Even after following the visa process closely and carefully, an individual may find that they would like to adjust their current immigration status and pursue a long-term residency in the United States. This process is very possible but requires another type of application and review process that may seem overwhelming. Because this process can sometimes overlap with or take longer than your current visa, it can be stressful to attempt alone. The Law Office of Nita Kundanmal, P.C. is prepared to assist you with your Adjustment of Status case across all 50 United States.
Adjustment of status (AOS) is the immigration process an individual can use to apply for Lawful Permanent Resident (LPR) status while present in the United States. For individuals outside the United States, they must apply for LPR status through the consular process; it is important to note the difference between these two processes, as only one of them may be applied for at a time. Additional information regarding consular processing is available on its own page.
Individuals that file for an adjustment of status may be able to stay in the United States while their application is being processed – even if their current visa runs out in the interim. Individuals may be ineligible to adjust their status if they entered the United States without authorization regardless of how long they have been living there, or if they have committed a crime that is considered a deportable offense.
To be eligible for adjustment of status, the individual must first be eligible for one of the LPR or “Green Card” categories through one of the following:
An individual who is eligible to file for adjustment of status must first have an approved petition. Certain individuals may file an application to adjust status concurrently with filing the immigration petition. To ensure this process is completed accurately and completely, hiring a knowledgeable immigration attorney may be helpful.
The form used to adjust status is Form I-485. This includes questions about personal information, immigration history, application type or immigration category, and eligibility or inadmissibility grounds.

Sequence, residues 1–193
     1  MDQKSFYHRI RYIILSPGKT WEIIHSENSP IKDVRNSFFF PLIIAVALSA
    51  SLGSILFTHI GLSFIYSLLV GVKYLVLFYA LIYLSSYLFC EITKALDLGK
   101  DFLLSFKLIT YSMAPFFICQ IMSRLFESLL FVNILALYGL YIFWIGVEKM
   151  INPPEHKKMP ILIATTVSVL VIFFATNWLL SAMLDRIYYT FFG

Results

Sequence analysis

After filing Form I-485, the applicant will receive a notice for biometrics services at a local Application Support Center (ASC). The biometrics are used to verify identity and conduct background and security checks; data collected at these appointments often includes fingerprints.
If an interview is required, the applicant will be scheduled for an interview to answer questions at a USCIS office. The USCIS will then issue a written decision to approve or deny the application or request additional follow-up documents. If your application is denied, then you may be subject to removal (deportation) proceedings. Because the United States is not required to provide you with legal assistance in a deportation hearing, it is important to hire a knowledgeable immigration attorney to help you with your case as soon as possible. For more information on removal proceedings and the services our firm offers for them, please visit our page dedicated to the removal proceedings process.
Denied I-485 forms may also be appealed and resubmitted as a new case if adjustments are made. An immigration attorney will be able to help you decide which option is best for your case.
If you have any questions about adjustment of status while present in the United States, or are facing removal proceedings due to a rejected adjustment of status, please contact the Law Office of Nita Kundanmal today by calling (201) 883-9800. We handle all aspects of family and employment immigration law in New Jersey and New York and throughout the United States and can help you make sure you’re applying for the right category.